A Gentleman I Trust Implicity

I found out something fascinating this weekend.

There’s a man I trust implicitly. I cannot reveal his identity because it would potentially jeopardize his security clearance. (Not you, Agent Little Bird, someone else…)

This is a guy- he’s a retired military historian and strategist, now working as a military management and leadership consultant- someone who I am very close to, and someone who didn’t vote for John Kerry last November. Not by a long shot.

He confided to me this weekend that he has completely changed his mind about the Bush Administration. He still identifies himself as a conservative and as a republican, but, he says, the administration in power “typifies neither.”

Our conversation was brief but he was very explicit that he wanted me to know about his change of heart. He promised that we will speak of it again soon.

Well…. I’m curious what his tipping point was. Aren’t you?

Here’s my theory:
I think that the professional military types may be feeling betrayed that their junior officers, NCOs and enlisted men are being thrown into the Iraq haymaker on what they now know is trumped up intelligence. The Downing Street Memos may have gotten a fraction of the coverage of the Runaway Bride, but these guys don’t survive combat and 25 years in a bureaucracy without developing a keen eye for details which affect them directly. The DSM? You better believe it affects them directly.

We’ll see. This gentleman has good, good friends in the shitstorm of Iraq. For him, this is personal. I can’t wait for us to sit down over bbq and tea and get caught up soon.

War Criminals? Us?

Via the Big Brass Blogging Hurricane that is Shakespeare’s Sister, we find a link to Body and Soul’s rundown of the recent arrest warrants issued for CIA agents working on Italian soil.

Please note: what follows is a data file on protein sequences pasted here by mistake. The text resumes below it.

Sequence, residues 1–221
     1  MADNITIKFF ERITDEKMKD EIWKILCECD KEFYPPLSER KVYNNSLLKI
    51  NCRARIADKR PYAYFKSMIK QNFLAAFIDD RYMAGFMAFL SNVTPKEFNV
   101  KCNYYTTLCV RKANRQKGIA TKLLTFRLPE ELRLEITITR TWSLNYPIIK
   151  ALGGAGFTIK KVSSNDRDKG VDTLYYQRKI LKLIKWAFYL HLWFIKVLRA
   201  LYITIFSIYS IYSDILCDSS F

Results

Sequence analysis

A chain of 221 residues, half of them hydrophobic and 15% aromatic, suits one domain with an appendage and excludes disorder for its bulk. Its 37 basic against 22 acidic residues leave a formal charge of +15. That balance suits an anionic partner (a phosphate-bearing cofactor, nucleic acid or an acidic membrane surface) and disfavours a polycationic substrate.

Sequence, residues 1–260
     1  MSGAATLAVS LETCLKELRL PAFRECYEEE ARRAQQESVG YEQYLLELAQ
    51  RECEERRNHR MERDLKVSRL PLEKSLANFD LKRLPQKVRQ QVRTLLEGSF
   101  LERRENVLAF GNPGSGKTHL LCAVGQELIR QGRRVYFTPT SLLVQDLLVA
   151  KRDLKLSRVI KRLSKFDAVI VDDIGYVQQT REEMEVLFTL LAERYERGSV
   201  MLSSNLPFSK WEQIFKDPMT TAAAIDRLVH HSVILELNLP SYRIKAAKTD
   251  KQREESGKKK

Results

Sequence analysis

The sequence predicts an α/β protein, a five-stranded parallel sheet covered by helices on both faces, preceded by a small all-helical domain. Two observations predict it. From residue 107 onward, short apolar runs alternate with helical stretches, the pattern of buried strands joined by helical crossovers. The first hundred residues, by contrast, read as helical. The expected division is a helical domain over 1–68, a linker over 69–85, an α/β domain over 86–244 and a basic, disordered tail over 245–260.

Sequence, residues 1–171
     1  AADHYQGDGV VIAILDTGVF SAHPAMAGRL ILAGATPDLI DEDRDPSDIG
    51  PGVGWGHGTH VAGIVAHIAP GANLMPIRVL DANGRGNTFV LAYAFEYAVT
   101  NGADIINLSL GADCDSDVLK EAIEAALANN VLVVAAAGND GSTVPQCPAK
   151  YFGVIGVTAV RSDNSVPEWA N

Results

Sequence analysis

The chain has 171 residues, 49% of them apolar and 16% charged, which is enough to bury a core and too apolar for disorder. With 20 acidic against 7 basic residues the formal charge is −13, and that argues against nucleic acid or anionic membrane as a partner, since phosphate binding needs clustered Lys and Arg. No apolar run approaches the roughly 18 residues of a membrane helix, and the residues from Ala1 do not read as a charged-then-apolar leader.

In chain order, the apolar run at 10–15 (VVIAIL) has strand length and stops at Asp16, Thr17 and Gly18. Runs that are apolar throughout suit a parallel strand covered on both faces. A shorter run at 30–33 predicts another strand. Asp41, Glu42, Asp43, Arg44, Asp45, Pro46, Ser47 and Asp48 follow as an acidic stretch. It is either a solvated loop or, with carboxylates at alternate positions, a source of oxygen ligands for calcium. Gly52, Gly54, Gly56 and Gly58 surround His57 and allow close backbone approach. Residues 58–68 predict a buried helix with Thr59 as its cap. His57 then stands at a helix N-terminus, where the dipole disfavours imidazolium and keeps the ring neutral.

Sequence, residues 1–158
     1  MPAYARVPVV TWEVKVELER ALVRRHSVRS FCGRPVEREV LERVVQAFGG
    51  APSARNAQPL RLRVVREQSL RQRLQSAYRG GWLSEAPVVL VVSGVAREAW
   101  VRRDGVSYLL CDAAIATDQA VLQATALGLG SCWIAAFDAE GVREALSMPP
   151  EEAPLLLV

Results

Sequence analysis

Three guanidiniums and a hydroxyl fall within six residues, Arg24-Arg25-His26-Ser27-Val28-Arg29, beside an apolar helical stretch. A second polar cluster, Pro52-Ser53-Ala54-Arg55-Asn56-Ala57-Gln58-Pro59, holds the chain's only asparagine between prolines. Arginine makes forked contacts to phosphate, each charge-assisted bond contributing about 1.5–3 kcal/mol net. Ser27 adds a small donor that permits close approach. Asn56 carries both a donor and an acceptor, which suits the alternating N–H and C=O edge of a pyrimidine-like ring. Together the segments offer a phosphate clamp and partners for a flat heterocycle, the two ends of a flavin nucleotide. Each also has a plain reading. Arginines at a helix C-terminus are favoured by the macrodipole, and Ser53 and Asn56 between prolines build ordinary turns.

Jeanne does a fantastic job of rounding up some of the disparate elements. What bothers me the most is that we have become so accustomed to the parade of outrageous behavior on this Administration’s watch that this almost doesn’t register on most folks’ radar.

Hello? 13 US citizens are sought by a foreign government, one who is nominally our ALLY in the Global War on Terra’, for violating international law WHILE DOING THE OFFICIAL BUSINESS OF THE US GOVERNMENT.

We have become a rouge republic.

Today, an Italian judge’s office announced that he has ordered the arrest of 13 CIA agents involved in the kidnapping. Newsday doesn’t give any information about the identity of the agents, other than that they were all American, but Corriere dell Sera reports that one was the former head of the CIA station in Milan, identified in another article as “Bob” — Robert Seldon Lady — who in recent months was “improvvisamente sostituito” — suddenly replaced.

US forces, you may recall, shot Giuliana Sgrena and killed a member of the Italy’s own intel services. The US/Italian alliance in the GWOT isn’t going to take much more of this kind of one-way abuse… I would make a bet that Bush’s homeboy Berlusconi isn’t going to survive the next Italian election.

Oh, wait, there’s more from this morning’s Body and Soul. Go read. See you in Jeanne’s comments.

Road Dog

I have to figure out some way to blog from the road.

Music Hates You played all weekend, starting Friday night in Pensacola, FL and ending here in Athens at a huge drunken house party. In Pensacola, we played Sluggo’s again, this time with the band Holden Red. It went really well. The van ride was agony, though. It was very, very hot. (Our noble chariot has no AC.)